In 2015, ITF and partners Temwa Malawi and Deki Ltd launched a four year project in Northern Malawi: The Nkhata Bay Natural Way. Working with the most vulnerable communities, the project will bring about improved livelihoods by linking forest-friendly economic development to sustainable land management. The Nkhata Bay Natural Way is funded by the Big Lottery Fund and the JJ Trust.
Why the project is needed
Malawi is one of the poorest countries in the world. 61.2% of the population live below the poverty line. In the Nkhata Bay North district, most of the population depend on subsistence farming and over 50% do not have a secure year round supply of food. This situation is coupled with the vulnerability of numerous families due to the HIV/AIDS crisis. 16% of 15-49 year olds are HIV positive in Malawi.
There are high rates of deforestation in the district. Mismanagement of forest resources has directly contributed to progressive environmental degradation with increasing climate related shocks being coupled with a reduction in the communities’ ability to respond effectively. This creates a negative downward spiral whereby elevated livelihood vulnerability results in the adoption of costly coping behaviours, which in turn fuel further environmental degradation.
Sustainable agriculture for improved food security
The Nkhata Bay Natural Way aims to engage with local communities in 110 villages to bring about change in the way they manage their environment. Over the four year period, the most vulnerable households will be trained in sustainable agriculture and agroforestry. Through cultivating vegetables, fruit and trees that are adapted to the local conditions and adopting agroforestry, and soil and water conservation practices which reduce erosion and boost soil fertility, food security will be improved. Sustainable agriculture practices will also decrease deforestation, as trees are often cleared for new agricultural land once the soil becomes infertile in the current location.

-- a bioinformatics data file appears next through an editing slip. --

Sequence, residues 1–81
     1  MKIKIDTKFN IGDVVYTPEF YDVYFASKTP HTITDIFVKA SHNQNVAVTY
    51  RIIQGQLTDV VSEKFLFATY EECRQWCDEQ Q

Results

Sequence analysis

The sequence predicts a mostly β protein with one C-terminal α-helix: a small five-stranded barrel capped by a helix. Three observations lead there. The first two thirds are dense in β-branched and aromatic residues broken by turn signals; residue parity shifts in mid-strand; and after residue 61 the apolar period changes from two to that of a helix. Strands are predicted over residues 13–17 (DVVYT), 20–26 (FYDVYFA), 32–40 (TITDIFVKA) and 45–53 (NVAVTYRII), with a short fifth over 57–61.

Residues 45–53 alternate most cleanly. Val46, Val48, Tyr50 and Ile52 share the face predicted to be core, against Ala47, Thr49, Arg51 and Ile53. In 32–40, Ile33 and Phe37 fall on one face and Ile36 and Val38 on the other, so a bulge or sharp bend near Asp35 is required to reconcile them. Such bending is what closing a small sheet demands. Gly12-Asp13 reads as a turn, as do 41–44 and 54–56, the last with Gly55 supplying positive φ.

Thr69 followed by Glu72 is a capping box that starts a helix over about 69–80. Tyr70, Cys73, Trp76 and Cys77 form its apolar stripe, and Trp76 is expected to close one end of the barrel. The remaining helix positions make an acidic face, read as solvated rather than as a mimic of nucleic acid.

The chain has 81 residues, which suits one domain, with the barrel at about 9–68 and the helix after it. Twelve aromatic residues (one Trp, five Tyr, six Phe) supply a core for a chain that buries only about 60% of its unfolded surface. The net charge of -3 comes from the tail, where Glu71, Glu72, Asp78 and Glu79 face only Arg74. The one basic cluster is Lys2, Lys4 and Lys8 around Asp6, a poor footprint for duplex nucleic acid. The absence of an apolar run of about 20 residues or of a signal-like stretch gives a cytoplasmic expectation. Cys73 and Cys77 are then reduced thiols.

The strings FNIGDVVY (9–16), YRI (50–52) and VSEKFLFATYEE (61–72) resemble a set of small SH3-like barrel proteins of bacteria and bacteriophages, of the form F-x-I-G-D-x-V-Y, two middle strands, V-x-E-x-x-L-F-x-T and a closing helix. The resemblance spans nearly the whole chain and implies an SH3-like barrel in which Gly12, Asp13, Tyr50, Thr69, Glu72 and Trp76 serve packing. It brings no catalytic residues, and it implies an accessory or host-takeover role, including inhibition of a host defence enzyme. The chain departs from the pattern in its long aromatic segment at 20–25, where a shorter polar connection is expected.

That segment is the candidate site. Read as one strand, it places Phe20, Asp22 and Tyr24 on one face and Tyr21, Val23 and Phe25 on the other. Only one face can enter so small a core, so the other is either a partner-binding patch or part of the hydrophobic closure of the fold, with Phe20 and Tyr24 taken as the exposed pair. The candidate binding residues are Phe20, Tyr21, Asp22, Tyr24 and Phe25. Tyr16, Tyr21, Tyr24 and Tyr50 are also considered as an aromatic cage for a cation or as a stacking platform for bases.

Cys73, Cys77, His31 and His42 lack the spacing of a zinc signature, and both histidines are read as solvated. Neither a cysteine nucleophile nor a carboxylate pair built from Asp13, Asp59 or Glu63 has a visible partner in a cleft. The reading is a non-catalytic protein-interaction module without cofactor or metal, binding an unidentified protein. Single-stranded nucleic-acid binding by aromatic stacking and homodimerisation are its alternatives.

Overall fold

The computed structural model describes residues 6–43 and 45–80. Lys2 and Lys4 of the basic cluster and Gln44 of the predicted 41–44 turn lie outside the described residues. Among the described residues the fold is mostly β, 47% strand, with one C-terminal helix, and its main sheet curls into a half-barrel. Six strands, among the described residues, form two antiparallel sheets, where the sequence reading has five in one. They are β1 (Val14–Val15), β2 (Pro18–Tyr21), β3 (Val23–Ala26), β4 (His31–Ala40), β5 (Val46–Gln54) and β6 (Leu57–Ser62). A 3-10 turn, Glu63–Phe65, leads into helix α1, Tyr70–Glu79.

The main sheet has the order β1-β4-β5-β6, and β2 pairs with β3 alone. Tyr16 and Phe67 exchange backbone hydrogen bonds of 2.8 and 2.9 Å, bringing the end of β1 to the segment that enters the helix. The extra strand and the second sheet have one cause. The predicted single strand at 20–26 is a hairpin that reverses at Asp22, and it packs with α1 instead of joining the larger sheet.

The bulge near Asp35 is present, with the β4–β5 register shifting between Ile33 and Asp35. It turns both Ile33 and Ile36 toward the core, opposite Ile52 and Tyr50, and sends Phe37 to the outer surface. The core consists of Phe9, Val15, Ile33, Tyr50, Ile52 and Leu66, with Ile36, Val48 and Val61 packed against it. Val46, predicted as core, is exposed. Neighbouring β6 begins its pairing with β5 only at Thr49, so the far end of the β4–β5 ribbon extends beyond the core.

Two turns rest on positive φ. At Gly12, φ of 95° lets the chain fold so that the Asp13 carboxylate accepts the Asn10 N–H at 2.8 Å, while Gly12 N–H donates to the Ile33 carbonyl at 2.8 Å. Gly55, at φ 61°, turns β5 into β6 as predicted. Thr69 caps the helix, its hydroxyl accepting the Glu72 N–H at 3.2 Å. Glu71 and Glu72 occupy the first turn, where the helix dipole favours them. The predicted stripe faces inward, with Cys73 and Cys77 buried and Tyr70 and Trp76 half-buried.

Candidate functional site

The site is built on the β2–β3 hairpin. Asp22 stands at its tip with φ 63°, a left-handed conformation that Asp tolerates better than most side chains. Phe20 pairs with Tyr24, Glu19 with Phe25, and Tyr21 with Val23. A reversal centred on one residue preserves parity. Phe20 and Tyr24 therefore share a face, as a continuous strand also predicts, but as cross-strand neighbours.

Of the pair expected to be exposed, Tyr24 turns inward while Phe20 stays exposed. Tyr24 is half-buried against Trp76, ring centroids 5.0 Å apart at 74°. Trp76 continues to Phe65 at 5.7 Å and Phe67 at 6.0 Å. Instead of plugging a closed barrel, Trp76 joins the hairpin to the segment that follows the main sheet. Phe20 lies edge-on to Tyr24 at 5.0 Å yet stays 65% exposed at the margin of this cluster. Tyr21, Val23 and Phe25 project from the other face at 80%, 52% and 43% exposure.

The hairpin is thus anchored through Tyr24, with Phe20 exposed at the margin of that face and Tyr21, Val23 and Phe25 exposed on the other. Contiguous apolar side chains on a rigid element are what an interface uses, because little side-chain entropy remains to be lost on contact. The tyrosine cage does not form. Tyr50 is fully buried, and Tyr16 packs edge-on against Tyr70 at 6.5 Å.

Practically, the project has set up tree nurseries and demonstration gardens where farmers come to learn about sustainable farming and agroforestry. Temwa are training lead farmers who can in turn teach their peers and ensure the message reaches a wider audience.
Community engagement in forest and environmental conservation
Throughout the first year, almost 100,000 trees were planted in areas of degraded woodland and on farmland. This has been achieved through Village Natural Resource Committees – groups of local community members who have established tree nurseries and planted out indigenous and agroforestry tree species.